The Asante (Ashantis) constitute the largest of the various subgroups of the Akan, who trace their origins partly to Bono-Manso and Techiman, in present-day Brong Ahafo Region. They constitute 14.8 per cent of all Ghanaians by birth, and 30.1 per cent of the total Akan population of 8,562,748 in the country.  Various oral traditions have it that the Ashantis migrated from various places through Bono-Manso/Takyiman (Techiman) to present day Ashanti Region.
 
As a united people, they started with a nucleus of the Oyoko clan around Asantemanso. After several years of subjugation by other empires, such as the Akwamu and the Denkyira, Asante eventually grew to be a very powerful empire founded by King Osei-Tutu I (1695-1717), after defeating the Denkyira King Ntim Gyakari during the battle of Feyiase (Buah, 1998).

Ironically, King Osei Tutu I had spent his childhood days in the court of the Denkyira King, according to custom, and had escaped from there to Akwamu where he met his lifelong friend and spiritual mentor, the legendary Okomfo Anokye. It is believed that it was through Okomfo Anokye’s extraordinary supernatural powers that King Osei Tutu founded the Ashanti Empire; as he is said to have commanded the Golden Stool to fall from “the heavens”, the stool which, to this day, serves as the symbol of the spirit, unity and strength of the Ashantis.

At the height of its glory, the influence and culture of the Asante Kingdom stretched beyond the borders of the present day Ghana. The Ashanti were able to preserve what was best in Akan culture, including the use of gold dust as currency and gold weights as a measure, which system was actually originated by the great Bono (Brong) King Akumfi Ameyaw I (1328-1363) (Buah, 1998).

The Asante fought many successful wars against the Denkyira and their allies including the Wassa, the British, the Fante, and even the Bonos (Brongs). Indeed it was the Ashanti King Opoku Ware I who defeated the Bonos in 1723 and destroyed Bono-Manso, forcing the Bono Empire to move its capital from Manso to present day Techiman. The Ashanti Empire eventually collapsed with the defeat and exile of King Prempeh I, first to El-Mina Castle and eventually to the Seychelles.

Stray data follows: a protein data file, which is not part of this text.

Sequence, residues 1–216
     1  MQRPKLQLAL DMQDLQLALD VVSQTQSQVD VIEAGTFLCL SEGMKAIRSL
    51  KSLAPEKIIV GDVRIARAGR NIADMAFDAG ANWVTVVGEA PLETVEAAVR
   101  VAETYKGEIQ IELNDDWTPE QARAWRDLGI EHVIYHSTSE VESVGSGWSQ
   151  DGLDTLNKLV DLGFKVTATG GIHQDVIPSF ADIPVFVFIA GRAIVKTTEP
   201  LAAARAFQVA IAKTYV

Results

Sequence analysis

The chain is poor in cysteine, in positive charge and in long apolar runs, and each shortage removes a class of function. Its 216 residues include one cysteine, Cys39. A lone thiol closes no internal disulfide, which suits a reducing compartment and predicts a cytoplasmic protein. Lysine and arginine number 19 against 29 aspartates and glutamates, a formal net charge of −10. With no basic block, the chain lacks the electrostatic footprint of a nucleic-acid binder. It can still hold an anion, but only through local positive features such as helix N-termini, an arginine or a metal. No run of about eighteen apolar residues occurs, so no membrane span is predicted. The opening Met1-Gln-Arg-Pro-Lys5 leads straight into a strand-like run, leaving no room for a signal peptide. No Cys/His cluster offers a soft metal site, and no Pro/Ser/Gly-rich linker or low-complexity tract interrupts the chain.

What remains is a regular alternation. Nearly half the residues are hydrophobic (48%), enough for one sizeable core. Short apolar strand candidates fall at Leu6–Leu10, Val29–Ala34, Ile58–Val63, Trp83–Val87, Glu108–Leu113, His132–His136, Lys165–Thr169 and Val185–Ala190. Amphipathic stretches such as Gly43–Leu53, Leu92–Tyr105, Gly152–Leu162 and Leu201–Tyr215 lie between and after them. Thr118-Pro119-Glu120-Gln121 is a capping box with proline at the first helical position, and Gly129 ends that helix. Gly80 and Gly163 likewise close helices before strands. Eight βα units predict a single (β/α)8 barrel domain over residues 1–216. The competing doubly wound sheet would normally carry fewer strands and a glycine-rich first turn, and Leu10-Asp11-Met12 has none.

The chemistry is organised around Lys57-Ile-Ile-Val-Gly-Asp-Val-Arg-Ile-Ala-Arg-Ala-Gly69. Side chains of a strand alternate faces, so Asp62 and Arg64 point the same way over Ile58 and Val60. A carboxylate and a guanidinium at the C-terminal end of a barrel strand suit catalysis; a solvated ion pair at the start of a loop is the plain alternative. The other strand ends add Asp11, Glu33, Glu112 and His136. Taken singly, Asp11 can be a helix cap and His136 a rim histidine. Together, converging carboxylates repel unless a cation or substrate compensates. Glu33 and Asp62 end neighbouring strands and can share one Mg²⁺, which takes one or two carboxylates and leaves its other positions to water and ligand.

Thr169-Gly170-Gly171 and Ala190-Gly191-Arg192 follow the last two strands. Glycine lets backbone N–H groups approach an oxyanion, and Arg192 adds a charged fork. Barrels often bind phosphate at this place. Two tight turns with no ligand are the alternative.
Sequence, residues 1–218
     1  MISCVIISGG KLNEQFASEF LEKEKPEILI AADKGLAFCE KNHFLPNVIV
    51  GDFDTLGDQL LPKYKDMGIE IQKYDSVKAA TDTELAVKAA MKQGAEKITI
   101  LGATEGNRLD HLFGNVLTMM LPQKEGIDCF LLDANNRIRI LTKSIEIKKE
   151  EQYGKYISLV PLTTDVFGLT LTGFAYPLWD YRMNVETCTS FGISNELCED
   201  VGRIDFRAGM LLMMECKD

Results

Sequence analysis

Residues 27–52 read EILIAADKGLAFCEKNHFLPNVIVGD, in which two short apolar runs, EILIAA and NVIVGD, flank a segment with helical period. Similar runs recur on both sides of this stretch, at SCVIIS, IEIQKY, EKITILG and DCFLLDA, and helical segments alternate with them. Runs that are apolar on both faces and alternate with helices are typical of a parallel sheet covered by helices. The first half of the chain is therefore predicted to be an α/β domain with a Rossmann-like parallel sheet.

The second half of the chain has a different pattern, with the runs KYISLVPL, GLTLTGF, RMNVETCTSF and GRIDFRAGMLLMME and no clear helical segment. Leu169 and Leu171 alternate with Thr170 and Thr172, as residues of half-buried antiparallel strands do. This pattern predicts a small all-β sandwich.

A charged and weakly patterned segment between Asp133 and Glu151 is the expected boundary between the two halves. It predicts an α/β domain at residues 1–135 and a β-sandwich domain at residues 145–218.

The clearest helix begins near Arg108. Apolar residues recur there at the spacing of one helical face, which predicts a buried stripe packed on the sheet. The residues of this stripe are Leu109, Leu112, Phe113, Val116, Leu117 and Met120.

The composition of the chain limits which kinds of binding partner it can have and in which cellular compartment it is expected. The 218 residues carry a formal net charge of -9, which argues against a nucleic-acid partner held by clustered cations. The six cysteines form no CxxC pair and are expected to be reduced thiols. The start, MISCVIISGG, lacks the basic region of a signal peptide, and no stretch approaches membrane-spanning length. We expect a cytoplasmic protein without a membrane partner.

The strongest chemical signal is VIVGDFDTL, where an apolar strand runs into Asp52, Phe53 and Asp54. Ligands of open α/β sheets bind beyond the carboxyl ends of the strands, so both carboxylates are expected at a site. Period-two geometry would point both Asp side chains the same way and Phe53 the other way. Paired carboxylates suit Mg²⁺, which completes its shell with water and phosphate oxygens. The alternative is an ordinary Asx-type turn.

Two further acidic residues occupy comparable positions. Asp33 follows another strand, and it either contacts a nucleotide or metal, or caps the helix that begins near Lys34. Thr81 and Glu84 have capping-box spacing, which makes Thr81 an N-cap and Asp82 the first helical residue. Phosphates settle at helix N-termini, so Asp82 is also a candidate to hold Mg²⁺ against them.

Not even the last stalwart stand by the great warrior Queen Yaa Asantewaa could revive the fame, fortune and power of Ashanti. However, the culture, kinship and social structure of Ashanti, like many of the other Akan groups, has been preserved and maintained to the present day, and underlines the cultural heritage, not only of the Asante, but of the entire Akan ethnic group. The present Asanti King (Asantehene) Osei Tutu II, is a direct matrilineal descendant of Osei Tutu I.

Political administration

There are 21 administrative districts (but before, 18) in the Ashanti Region including the Kumasi metropolis The region also has 33 constituencies and 840 electoral areas, the highest in the country. A Member of Parliament represents each of the 33 constituencies at the nation’s 200- member legislature.

The Regional Minister is the political Head of the region, and the Chairman of the Regional Co-ordinating Council. Other members of the Regional Co-ordinating Council include the Regional Co-ordinating Director (Secretary), all the 18 District Chief Executives and Presiding members, as well as two representatives from the Ashanti Regional House of Chiefs. All Regional heads of department are ex-officio members of the Regional Co-ordinating Council.